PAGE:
Viola Spolin’s house is in danger of being sold and perhaps demolished.
Why does this matter?
I would nominate Viola Spolin and Hallie Flanagan as the two most important women in the history of American theatre. (If you don’t know Flanagan, she was the most prolific producer in American theatrical history. Cherry Jones once played her in a movie.)
Spolin created theatre games. She also was the mother of Paul Sills, who co-founded Second City and created the story theatre format. Between the two of them, they launched the improvisational theatre movement that transformed American theatre, film, and TV. Other major teachers came along: Del Close. Martin da Maat. Mick Napier. Gary Austin. Charna Halpern. Susan Messing. Sheldon Patinkin. Michael Gellman. All major figures. And most told me (sometimes grouchily) that Viola laid the foundations of their work. In the beginning was absolutely Viola.
I can trot out a list of improv alumni currently on the scene, if you like, all of whom cite Spolin’s formative work: Tina Fey, Stephen Colbert, Adam McKay, Seth Myers, Keegan-Michael Key, Julia Louis-Dreyfus, Jordan Peele, Steve Carell, Kate McKinnon, Martin Short, Andrea Martin, Amy Poehler. (Yup, a lot of “SNL” names—young Lorne Michaels used to hang out at the Canadian Second City and hired from there a lot.) If you want to confine the list just to those directly taught or influenced by her, it’s a pretty impressive too: Severn Darden, Barbara Harris, Alan Arkin, Alan Alda, Roger Bowen, Avery Schreiber, Mike Nichols, Elaine May, Valerie Harper, Richard Schaal, Paul Sand.
Viola lived in a house in the Santa Monica Mountains, near the Cahuenga Pass in Los Angeles. She wrote some of her groundbreaking books there, including Improvisation for the Theater, which Rob Reiner has called “the bible.” (Reiner was another improviser.) Paul Sills, his wife Carol, and their children (including Aretha Sills, another master teacher) spent decades there, theorizing, bullshitting, experimenting, refusing to take the frequent opportunities offered to get rich. (I mean, you’ve got to stand for something, right?)
Very noble, the refusal to cash in. Except this makes the house vulnerable. The funds just aren’t there to keep it from being put up for sale.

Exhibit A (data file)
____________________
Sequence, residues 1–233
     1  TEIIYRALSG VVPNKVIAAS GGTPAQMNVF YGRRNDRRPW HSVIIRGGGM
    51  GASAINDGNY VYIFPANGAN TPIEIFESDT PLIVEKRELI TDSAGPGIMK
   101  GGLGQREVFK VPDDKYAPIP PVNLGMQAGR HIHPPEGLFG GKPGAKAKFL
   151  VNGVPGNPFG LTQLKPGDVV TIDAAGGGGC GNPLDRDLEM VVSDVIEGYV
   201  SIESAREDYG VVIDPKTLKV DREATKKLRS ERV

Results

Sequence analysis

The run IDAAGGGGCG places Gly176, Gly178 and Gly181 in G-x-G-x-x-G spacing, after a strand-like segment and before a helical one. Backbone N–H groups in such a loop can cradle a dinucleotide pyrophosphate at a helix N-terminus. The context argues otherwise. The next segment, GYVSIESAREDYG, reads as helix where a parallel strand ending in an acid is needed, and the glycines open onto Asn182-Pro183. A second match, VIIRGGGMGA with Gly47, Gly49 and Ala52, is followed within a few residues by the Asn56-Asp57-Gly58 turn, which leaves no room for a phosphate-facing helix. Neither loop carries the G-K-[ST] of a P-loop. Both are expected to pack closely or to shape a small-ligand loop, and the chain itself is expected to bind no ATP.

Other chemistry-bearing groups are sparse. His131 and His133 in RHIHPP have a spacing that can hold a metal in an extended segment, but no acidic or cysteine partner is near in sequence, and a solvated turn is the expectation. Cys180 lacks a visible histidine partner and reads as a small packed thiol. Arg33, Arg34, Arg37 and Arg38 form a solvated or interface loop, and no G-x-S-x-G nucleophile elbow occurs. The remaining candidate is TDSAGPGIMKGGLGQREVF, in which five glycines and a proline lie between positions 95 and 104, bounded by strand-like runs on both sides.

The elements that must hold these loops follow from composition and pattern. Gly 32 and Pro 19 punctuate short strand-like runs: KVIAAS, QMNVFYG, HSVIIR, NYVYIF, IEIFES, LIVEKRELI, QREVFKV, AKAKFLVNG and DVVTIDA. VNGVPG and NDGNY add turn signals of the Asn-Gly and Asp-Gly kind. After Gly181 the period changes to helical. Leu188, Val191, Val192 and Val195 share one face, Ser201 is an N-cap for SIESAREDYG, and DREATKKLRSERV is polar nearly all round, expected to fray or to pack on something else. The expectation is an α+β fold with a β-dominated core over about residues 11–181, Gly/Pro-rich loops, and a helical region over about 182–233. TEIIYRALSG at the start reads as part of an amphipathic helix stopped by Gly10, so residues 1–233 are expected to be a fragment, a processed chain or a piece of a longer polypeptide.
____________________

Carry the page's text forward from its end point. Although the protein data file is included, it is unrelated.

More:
This country has a woeful record of preserving valuable stuff. A few theatrical landmarks have managed to escape oblivion. The O’Neill Center owns and administers Monte Cristo Cottage, the scene of Eugene O’Neill’s boyhood and the settings of Long Day’s Journey Into Night and Ah, Wilderness! Ten Chimneys, the mansion that Alfred Lunt and Lynn Fontanne called home in Wisconsin, hosts a variety of theatrical programs. And Ford’s Theatre in Washington, D.C., site of Abraham Lincoln’s assassination, is owned and managed by the National Park Service and still is operated as a venue.
But these are all sites associated with scripted, “legit” theatre. Comedy is rarely accorded the respect that the more serious stuff is, so many of the landmarks of improvisational theatre are gone: The original site of the Compass Players, birthplace of professional improvisation in America; the original Second City, which opened its doors in 1959 (doors that were knocked down by developers putting up a high rise); the Crystal Palace where, legend has it, Elaine May, Theodore Flicker, and Del Close used the stage to test new principles for improv they generated to survive in front of St. Louis audiences. All gone.
But for now Viola Spolin’s house still stands.
I visited the house once, in the 1970s, when I went there to interview Viola for a book I was writing about the origins of Second City. We had a conversation in which she gently suggested that I was a foolish boy not equal to the task, but gave me wonderful quotes anyway. And then she abruptly decided not to sign the release, so I couldn’t publish the conversation.
“Viola,” I asked, “why?”
“Oh, honey,” she said. “People have been making money off of my ideas for years and I’ve decided to draw the line.”
I replied, “You’re drawing the line in the wrong place. I guarantee you I won’t make any serious money off this book.”
“I’m sorry, my mind is made up.”
And so her interview did not appear in my book, Something Wonderful Right Away. The last time I saw her was sometime in the ’80s, after a performance of Sills and Company, an evening in which many of the great improvisers of the day played her games in front of enraptured audiences. (Tom Viertel later brought the offering to New York for an extended run off-Broadway.) She spotted me, swooped over and threw her arms around me, and said, “Oh, darling, do you hate me?” I told her that her work had made much of what I love in the theatre possible—and no, of course, I didn’t hate her. And she scurried away.
Some years later, after she died in 1994, I wrote an article about her for a magazine called Dramatics. The editor put her picture on the cover. Carol Sills told me that Viola would have been thrilled to be a cover girl. And, as executor of the estate, Carol said that if I ever put together a new edition of Something Wonderful Right Away, I have permission to finally include my conversation with Viola in the book. One of these days that will happen.
In the meantime, there’s this house. A house that was expanded around her as she needed more room. A house that has in its bones the echoes of a genuine American genius. A house at 6923 Woody Trail that needs someone to rescue and preserve it.
Who knows somebody who can make that happen?
Jeffrey Sweet is a writer based in New York.
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